The conclusions of Barbey & Sloman (B&S) crucially depend on evidence for different representations of statistical information. Unfortunately, a muddled distinction made among these representations calls into question the authors' conclusions. We clarify some notions of statistical representations which are often confused in the literature. These clarifications, combined with new empirical evidence, do not support a dual-process model of judgment.
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  22. J. Barton (1999). Virtue in the Bible. Studies in Christian Ethics 12 (1):12-22.score: 30.0
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  23. S. C. Barton (2002). 'Mercy and Not Sacrifice'? Biblical Perspectives On Liturgy and Ethics. Studies in Christian Ethics 15 (1):25-39.score: 30.0
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  24. S. Barton (1995). Ethical and Legal Issues in AIDS Research. Journal of Medical Ethics 21 (6):361-361.score: 30.0
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  25. S. B. Barton & A. J. Sanford (1990). The Control of Attributional Patterns by the Focusing Properties of Quantifying Expressions. Journal of Semantics 7 (1):81-92.score: 30.0
    Recent evidence has shown that certain quantifiers (few, only a few) and quantifying adverbs (seldom, rarely) when used tend to make people think of reasons for the small proportions or low frequencies which they denote. Other expressions single out small proportions or low frequences, but do not lead to a focus on reasons (e. g. a few; occasionally). In the present paper, these observations are applied to the attribution of cause in short two–line vignettes which make reference to situations, and (...)
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  26. J. M. Barton, M. S. Macmillan & L. Sawyer (1995). The Compensation of Patients Injured in Clinical Trials. Journal of Medical Ethics 21 (3):166-169.score: 30.0
    The problem of 'no fault' compensation for patients who suffer adverse effects as a result of their participation in clinical trials is discussed in the light of the guidelines issued by the Association of the British Pharmaceutical Industry (ABPI) and our recent experiences in reviewing protocols submitted to the local ethics of surgical research sub-committee. We have found a variety of qualifications being applied by pharmaceutical firms which are not in the spirit of the guidelines, let alone the interests of (...)
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  27. George A. Barton (1906). Book Review:The Prophet of Nazareth. Nathaniel Schmidt. [REVIEW] Ethics 17 (1):110-.score: 30.0
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  28. L. Fisher-Jeffes, C. Barton & F. Finlay (2007). Clinicians' Knowledge of Informed Consent. Journal of Medical Ethics 33 (3):181-184.score: 30.0
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  29. Miles Barton (1987). Animal Rights. Gloucester Press.score: 30.0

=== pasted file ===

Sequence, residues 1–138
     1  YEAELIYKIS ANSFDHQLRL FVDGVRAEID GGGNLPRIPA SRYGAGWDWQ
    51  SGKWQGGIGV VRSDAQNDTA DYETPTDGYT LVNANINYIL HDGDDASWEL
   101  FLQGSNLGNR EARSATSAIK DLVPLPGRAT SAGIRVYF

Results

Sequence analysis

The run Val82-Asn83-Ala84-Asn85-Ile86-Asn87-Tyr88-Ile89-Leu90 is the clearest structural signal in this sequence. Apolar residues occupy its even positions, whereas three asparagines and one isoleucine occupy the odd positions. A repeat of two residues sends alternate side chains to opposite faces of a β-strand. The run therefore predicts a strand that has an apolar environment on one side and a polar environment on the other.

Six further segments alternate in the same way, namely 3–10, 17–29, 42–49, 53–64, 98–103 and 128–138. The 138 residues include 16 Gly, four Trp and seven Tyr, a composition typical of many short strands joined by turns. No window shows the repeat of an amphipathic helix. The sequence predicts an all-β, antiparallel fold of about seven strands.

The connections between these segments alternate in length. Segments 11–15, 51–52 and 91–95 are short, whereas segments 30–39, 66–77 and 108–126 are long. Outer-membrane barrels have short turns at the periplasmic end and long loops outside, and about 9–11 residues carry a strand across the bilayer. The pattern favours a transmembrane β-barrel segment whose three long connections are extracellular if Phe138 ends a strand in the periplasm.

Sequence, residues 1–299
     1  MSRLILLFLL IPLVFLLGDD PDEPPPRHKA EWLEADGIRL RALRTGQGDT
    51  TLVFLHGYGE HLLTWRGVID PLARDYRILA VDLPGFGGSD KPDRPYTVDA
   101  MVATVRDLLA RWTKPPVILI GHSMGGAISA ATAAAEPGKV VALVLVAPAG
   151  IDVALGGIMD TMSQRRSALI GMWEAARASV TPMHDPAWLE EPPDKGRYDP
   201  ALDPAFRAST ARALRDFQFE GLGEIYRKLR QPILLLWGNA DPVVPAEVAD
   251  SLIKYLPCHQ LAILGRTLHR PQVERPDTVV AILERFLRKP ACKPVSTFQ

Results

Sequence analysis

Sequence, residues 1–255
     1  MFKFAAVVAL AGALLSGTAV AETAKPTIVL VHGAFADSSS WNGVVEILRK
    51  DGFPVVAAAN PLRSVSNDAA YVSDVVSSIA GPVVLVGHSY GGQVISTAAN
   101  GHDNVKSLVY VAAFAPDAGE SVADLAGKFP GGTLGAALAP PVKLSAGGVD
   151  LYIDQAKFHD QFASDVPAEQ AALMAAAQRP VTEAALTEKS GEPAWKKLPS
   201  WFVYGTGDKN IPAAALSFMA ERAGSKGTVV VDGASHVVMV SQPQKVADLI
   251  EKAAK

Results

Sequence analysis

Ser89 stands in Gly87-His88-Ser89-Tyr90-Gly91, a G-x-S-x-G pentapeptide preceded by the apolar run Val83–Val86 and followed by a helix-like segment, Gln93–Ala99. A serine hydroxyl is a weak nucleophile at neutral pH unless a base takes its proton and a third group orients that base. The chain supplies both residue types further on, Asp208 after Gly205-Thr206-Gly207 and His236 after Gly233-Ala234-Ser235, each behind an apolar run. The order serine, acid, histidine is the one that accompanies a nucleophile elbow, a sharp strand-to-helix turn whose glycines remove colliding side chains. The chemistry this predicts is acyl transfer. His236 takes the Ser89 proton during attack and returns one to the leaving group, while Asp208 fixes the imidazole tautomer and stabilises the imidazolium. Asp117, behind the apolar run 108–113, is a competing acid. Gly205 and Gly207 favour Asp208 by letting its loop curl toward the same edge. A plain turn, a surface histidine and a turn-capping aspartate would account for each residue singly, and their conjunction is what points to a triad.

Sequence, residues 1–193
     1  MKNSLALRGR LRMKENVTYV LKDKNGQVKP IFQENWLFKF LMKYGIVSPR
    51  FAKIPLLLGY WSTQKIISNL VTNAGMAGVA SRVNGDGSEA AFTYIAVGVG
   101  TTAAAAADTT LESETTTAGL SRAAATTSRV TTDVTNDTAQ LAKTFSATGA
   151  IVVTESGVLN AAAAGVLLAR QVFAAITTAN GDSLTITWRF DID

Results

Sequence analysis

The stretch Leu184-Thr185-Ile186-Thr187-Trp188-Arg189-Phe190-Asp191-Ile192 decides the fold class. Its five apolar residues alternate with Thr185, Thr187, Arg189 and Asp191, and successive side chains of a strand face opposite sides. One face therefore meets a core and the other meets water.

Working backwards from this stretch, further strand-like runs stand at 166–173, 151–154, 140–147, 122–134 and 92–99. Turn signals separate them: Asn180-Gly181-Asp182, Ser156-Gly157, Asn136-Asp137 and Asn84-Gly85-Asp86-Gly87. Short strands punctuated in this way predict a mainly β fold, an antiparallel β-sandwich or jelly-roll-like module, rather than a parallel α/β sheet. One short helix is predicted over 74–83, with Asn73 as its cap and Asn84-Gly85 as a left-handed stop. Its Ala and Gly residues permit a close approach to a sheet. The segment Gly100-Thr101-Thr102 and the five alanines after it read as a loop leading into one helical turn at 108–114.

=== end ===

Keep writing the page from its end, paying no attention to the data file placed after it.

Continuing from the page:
30. John Barton (1998). Ethics and the Old Testament. Trinity Press International.score: 30.0
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  31. Joseph Edwin Barton (1948). Purpose and Admiration. London, Christophers.score: 30.0
     
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  32. Cathy Barton (2003). Revolution From Below. Metascience 12 (2):220-222.score: 30.0
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  33. William Ernest Barton (1966). The Moral Challenge of Communism: Some Ethical Aspects of Marxist-Leninist Society. London, Friends Home Service Committee.score: 30.0
     
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  34. Miles Barton (1989). Why Do People Harm Animals? Gloucester Press.score: 30.0
     
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  35. V. Rorty Mary, E. Mills Ann & H. Werhane Patricia (2007). Institutional Practices, Ethics, and the Physician. In Rosamond Rhodes, Leslie Francis & Anita Silvers (eds.), The Blackwell Guide to Medical Ethics. Blackwell Pub..score: 30.0
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  36. S. C. Barton (1997). Christian Community in the Light of I Corinthians. Studies in Christian Ethics 10 (1):1-15.score: 30.0
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  37. Qudsia Mirza (1999). Patricia Williams: Inflecting Critical Race Theory. [REVIEW] Feminist Legal Studies 7 (2):111-132.score: 24.0
    Critical Race Theory (C.R.T.) has developed out of a deep dissatisfaction that many black legal scholars in the U.S. felt with liberal civil rights discourse, a discourse premised upon the ideals of assimilation, ‘colour-blindness’ and integration. In addition, the emergence of the Critical Legal Studies movement provided Critical Race theorists with an innovative lexicon and practice which allowed them to develop a critique of traditional race analysis and U.S. law. Patricia Williams has played a key role in the formation (...)